Yeah, it's got a HEMI Fast. Obnoxious. Ridiculous. Obscene. These are all words used to describe Chrysler's 300C SRT-8.
Fast. Obnoxious. Ridiculous. Obscene. These are all words used to describe the 2013 Chrysler 300C SRT-8. Sitting at the top of the 300 lineup, the SRT-8 is an absolute monster with nearly 500 horsepower. Using Chrysler’s iconic “Hemi” engine, the SRT is not to be confused with any other 300. It’s not meant to be a luxury cruiser to compete with the likes of full-sizers from General Motors and Ford. It’s meant to smoke nearly anything it comes across in a straight line while sounding incredible at the same time.
Powered by a 6.4L V8, this latest SRT-8 puts out 470-horsepower and 470 lb-ft of torque. While these numbers seem absolutely ridiculous (up from the 425-horsepower of the previous generation), it’s important to take into account that the 300C weighs just over 4300 pounds. It certainly gets up and goes, and the engine note from the interior is just about perfect. I personally poured years into heavily modifying an older Mopar product, tuning for hours and hours until I got the perfect sound and feel, so to hop into a factory vehicle and fall in love with the setup as-is was a huge plus for me.
The SRT-8 comes track-ready too. Much like the Track Tools available on the Ford Mustang, my 300C came with SRT menus in the instrument cluster. These allowed me to measure 0-100 km/h times, braking distance, and a few other neat things that’d be highly beneficial on the track. Based on our tests, the SRT-8 flies to 100 km/h in 4.5 seconds. This puts it right on par with its sibling, the Dodge Challenger SRT-8, as well as the Ford Mustang GT. As expected, the 300 doesn’t go around corners at all. If your daily commute consists of one straight line with zero corners, you shouldn’t have any problem driving this one.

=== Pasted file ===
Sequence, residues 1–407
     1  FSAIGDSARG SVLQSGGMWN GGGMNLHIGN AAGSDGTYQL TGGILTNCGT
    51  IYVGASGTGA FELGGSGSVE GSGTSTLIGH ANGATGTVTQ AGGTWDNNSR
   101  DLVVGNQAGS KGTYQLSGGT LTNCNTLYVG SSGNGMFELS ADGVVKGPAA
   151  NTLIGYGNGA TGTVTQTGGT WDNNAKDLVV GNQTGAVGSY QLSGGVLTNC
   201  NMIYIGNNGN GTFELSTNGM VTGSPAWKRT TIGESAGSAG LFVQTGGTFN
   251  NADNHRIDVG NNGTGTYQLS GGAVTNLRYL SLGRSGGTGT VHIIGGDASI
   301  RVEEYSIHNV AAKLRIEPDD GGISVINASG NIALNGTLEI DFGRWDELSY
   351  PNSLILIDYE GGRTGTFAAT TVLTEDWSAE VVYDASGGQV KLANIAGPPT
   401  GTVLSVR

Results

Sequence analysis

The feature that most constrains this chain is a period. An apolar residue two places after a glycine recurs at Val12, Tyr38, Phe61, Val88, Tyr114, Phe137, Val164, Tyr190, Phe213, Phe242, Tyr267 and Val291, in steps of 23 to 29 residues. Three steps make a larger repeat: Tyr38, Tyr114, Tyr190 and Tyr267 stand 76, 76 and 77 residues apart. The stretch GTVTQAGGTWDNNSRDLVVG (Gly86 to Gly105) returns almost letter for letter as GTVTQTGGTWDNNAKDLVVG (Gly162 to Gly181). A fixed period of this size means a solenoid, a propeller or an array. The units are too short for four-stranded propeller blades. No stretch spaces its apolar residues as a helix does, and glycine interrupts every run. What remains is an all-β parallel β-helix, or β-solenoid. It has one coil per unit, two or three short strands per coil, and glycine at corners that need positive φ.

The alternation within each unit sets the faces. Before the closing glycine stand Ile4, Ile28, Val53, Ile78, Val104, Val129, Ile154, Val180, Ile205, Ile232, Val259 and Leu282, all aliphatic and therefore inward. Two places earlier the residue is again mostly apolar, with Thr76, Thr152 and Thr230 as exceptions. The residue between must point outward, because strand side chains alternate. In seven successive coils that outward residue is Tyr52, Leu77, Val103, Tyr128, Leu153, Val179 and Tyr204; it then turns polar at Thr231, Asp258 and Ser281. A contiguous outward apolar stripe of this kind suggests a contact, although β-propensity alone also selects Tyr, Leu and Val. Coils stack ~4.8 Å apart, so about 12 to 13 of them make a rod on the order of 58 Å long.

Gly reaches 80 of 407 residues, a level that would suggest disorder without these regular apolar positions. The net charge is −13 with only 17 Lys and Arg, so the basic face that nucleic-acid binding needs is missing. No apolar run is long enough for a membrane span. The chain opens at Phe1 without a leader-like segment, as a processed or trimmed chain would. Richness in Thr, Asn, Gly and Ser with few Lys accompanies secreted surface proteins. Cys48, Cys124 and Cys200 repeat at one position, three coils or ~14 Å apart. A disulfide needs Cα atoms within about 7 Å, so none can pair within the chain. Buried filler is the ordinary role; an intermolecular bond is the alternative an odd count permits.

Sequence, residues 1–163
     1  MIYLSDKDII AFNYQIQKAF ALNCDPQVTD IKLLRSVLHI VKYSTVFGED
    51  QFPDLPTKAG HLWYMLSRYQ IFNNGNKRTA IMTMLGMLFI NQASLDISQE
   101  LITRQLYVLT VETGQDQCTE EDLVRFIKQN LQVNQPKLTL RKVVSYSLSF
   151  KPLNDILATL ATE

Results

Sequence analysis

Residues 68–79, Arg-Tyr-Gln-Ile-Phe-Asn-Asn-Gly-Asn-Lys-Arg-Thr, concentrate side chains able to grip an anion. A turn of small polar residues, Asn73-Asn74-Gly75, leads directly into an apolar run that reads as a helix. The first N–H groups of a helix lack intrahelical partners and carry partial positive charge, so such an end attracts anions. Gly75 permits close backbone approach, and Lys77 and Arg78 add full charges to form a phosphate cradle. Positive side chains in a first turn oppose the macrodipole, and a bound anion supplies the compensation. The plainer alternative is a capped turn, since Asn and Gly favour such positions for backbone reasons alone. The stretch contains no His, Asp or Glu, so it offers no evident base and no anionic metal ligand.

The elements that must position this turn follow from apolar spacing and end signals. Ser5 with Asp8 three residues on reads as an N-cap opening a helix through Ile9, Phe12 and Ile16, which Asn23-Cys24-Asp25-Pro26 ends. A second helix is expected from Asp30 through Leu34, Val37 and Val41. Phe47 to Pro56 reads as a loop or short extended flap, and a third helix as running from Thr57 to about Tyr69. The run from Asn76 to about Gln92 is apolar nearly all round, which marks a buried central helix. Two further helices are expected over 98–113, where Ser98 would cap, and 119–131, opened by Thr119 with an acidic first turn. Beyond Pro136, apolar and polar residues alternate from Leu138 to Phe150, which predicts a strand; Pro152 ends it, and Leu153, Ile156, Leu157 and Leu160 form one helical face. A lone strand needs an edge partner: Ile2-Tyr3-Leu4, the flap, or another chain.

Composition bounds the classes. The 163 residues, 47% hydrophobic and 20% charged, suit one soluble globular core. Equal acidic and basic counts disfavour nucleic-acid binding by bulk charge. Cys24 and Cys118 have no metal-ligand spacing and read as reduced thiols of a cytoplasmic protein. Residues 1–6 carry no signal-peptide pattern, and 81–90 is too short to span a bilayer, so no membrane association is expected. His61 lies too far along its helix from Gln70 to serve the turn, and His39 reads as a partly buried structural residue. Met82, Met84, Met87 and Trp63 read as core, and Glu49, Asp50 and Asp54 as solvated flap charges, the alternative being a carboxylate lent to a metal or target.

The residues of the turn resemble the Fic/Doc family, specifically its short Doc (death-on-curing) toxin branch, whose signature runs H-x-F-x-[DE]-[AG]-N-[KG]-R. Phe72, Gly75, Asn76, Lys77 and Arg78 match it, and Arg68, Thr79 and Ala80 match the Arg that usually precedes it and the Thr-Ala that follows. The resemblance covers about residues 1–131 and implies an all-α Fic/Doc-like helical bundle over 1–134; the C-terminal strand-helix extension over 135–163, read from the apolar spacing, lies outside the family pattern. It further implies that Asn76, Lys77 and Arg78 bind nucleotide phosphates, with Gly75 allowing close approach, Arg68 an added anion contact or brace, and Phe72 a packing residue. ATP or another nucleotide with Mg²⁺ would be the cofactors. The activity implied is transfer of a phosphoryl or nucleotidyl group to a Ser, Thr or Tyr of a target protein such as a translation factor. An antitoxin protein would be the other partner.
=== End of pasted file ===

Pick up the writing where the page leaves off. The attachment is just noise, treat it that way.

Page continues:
While the main focus of the SRT-8 is performance, it’s important to note that in terms of the presence of luxury features, this car is also Chrysler’s flagship sedan. For an as-tested price of just over $55,000, it comes with almost everything you’d expect from an Mercedes-Benz E-Class or BMW 5-series. Adaptive Cruise Control, navigation, heated and ventilated seats, and a panoramic sunroof are all standard. Also, my tester was equipped with the premium Harman Kardon audio system with 19-speakers and a 900-watt amplifier. I’d go as far as to say this is one of the best sound systems I’ve ever heard in a “mainstream” car. I’d say it’s up to par with, if not better than the Bowers & Wilkins setups in the Jaguars (XJ and XKR) I spent the last few weeks with. Streaming music seamlessly from my trusty iPod, browsing through playlists and albums is simplified and lacks the lag of the Ford/Jaguar setups as well.
One gripe I did have with the SRT-8 was the seats. The red leather seats with SRT embroidery and the suede inserts are certainly a treat to look at, and at first seem comfortable, but after the first half hour or so I began to have complaints. SRT seats have always been supportive around corners and even for long highway hauls. It seems that this is no longer the case. These seats lack the support of the first-generation SRT 300/Charger, and sit far too high. Even with the generous power adjustability and lumbar support controls, I found it nearly impossible to find a comfortable driving position. Each time I stepped into the 300, I felt as though I was getting into the Grand Caravan my dad had while I was growing up.
Those in the market for an SRT-8 of any kind likely do not care in the slightest about its gas mileage. If you genuinely care about your fuel mileage, you won’t be buying in this class to begin with. However, I was legitimately befuddled when I somehow managed to get 9.1L/100km highway in the 300C SRT-8. This is over a few hundred kilometres using the Adaptive Cruise Control. Driving it daily, mixed highway and city, with an aggressive foot, which is exactly how the majority of these cars bought will be driven, I still managed to get 12.5L/100km.
Conclusively, do I like the car? I genuinely do. I’d never buy one, being a bachelor with a city commute; I have no reason to own a vehicle like this. I will go as far as to say that I personally like it a lot better than the Ford Mustang GT. The 300C SRT-8 may not be my preferred transmission (manual), and the five-speed automatic may be primitive, and it may not handle very well (read: doesn’t go around corners at all), but there’s no denying the fact that stepping on the gas pedal in Sport or Track mode will have even the biggest alpha male personalities giggling like 13-year old girls. This one’s a keeper.